Through the use of several physical evaluations and neurological assessments, a doctor of chiropractic is able to properly diagnose the source of a patient’s sciatica symptoms. Once a diagnosis has been established, a chiropractor will follow-up with the best, most recommended treatment for the individual’s specific needs and requirements. A spinal misalignment, or subluxation, is the most prevalent cause of sciatica. Spinal adjustments and manual manipulations are the most common treatment methods used to help carefully restore the natural alignment of the spine. A variety of other treatment methods can also be used by a doctor of chiropractic, to help speed up the patient’s recovery process. If the diagnosis of a patient’s sciatica symptoms determines that the source of their sciatic nerve pain is severe, a chiropractor may also refer the patient to the most appropriate healthcare professional to continue treatment.
These back pain or sciatica symptoms might be further broken down as mild, moderate or severe in pain. Once a chiropractor has properly diagnosed your sciatica symptoms, they may utilize a series of treatment modalities, including spinal adjustments and manual manipulations, among other well-known alternative treatment options, to help improve sciatic nerve pain. The scope of our information is limited to chiropractic as well as to spinal injuries and conditions. To discuss the subject matter, please feel free to ask Dr. Jimenez or contact us at 915-850-0900 .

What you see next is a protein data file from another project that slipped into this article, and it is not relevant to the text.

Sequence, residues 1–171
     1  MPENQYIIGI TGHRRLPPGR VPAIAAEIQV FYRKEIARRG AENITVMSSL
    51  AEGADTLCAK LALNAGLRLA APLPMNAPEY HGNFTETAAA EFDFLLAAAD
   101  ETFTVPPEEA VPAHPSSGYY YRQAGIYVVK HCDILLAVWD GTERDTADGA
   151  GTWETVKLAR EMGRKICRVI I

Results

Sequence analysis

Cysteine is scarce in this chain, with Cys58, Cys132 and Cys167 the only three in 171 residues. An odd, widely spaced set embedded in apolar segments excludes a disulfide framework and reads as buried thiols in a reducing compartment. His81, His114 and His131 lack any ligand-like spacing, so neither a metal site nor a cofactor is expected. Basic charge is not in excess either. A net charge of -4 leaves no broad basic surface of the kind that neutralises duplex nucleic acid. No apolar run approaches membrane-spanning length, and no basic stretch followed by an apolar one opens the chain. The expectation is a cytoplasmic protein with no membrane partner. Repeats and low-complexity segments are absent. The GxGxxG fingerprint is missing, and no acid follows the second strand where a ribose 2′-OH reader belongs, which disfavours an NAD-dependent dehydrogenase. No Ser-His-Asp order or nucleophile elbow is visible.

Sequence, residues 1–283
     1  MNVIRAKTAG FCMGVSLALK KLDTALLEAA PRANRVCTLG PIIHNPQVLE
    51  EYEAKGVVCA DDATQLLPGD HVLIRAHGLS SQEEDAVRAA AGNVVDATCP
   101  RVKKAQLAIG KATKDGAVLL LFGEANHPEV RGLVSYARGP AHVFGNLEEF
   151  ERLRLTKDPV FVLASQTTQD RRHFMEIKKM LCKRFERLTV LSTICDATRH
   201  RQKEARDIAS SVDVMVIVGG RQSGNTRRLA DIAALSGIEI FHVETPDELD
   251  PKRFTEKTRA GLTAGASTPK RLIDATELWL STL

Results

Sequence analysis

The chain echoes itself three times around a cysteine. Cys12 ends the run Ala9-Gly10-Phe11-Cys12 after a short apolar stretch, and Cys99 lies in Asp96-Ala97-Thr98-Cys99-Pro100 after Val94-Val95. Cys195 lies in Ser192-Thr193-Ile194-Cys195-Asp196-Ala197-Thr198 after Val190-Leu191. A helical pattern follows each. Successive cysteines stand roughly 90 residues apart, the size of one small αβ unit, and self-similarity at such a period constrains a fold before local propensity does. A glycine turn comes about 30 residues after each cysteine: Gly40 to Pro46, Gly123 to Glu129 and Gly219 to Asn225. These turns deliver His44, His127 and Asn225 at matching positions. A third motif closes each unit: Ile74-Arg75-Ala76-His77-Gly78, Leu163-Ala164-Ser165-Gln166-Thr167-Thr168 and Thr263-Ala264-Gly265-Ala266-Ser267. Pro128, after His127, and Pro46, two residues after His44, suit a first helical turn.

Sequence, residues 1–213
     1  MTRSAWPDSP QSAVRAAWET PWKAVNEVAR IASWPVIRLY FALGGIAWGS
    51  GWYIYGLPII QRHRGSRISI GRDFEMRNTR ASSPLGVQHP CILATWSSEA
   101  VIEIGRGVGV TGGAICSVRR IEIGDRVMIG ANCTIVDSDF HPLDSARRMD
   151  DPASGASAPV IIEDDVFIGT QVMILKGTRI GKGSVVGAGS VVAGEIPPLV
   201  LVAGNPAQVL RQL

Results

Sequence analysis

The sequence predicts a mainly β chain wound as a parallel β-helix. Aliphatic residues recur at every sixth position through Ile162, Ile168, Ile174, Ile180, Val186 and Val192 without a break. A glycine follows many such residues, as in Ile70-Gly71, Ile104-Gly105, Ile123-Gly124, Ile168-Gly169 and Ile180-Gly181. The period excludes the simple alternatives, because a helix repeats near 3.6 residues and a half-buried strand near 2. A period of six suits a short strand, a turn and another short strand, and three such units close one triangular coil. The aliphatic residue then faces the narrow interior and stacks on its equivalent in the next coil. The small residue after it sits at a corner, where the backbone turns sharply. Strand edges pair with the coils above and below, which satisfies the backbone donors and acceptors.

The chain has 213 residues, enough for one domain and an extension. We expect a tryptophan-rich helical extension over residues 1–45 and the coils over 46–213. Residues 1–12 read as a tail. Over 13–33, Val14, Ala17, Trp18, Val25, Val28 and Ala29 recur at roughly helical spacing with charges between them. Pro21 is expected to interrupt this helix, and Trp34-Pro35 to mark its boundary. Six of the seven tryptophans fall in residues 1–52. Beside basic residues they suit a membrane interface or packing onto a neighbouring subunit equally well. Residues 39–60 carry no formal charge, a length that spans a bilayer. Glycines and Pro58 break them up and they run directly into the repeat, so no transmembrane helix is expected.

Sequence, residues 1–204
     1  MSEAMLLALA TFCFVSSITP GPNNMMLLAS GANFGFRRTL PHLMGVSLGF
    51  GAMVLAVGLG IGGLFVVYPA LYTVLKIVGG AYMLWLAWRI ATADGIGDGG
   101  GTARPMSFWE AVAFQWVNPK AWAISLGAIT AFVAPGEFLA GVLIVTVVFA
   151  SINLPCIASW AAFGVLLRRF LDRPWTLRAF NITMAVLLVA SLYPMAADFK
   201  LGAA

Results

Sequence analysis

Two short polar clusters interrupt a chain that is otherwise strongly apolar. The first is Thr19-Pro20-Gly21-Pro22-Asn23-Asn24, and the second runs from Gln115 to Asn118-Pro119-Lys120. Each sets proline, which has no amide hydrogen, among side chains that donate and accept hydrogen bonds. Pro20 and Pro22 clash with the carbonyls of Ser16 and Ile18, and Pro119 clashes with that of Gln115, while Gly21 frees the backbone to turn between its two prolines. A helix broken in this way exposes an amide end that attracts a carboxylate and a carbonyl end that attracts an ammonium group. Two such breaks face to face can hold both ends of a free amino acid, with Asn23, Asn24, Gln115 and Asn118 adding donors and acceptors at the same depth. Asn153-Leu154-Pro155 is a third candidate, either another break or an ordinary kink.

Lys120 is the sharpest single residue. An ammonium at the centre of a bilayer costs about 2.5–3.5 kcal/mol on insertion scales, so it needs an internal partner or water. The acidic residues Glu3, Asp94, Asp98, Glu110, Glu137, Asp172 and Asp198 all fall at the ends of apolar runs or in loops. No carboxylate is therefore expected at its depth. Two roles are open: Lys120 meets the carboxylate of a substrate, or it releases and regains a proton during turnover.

Curated by Dr. Alex Jimenez
Sciatica is medically referred to as a collection of symptoms, rather than a single injury and/or condition. Symptoms of sciatic nerve pain, or sciatica, can vary in frequency and intensity, however, it is most commonly described as a sudden, sharp (knife-like) or electrical pain that radiates from the low back down the buttocks, hips, thighs and legs into the foot. Other symptoms of sciatica may include, tingling or burning sensations, numbness and weakness along the length of the sciatic nerve. Sciatica most frequently affects individuals between the ages of 30 and 50 years. It may often develop as a result of the degeneration of the spine due to age, however, the compression and irritation of the sciatic nerve caused by a bulging or herniated disc, among other spinal health issues, may also cause sciatic nerve pain.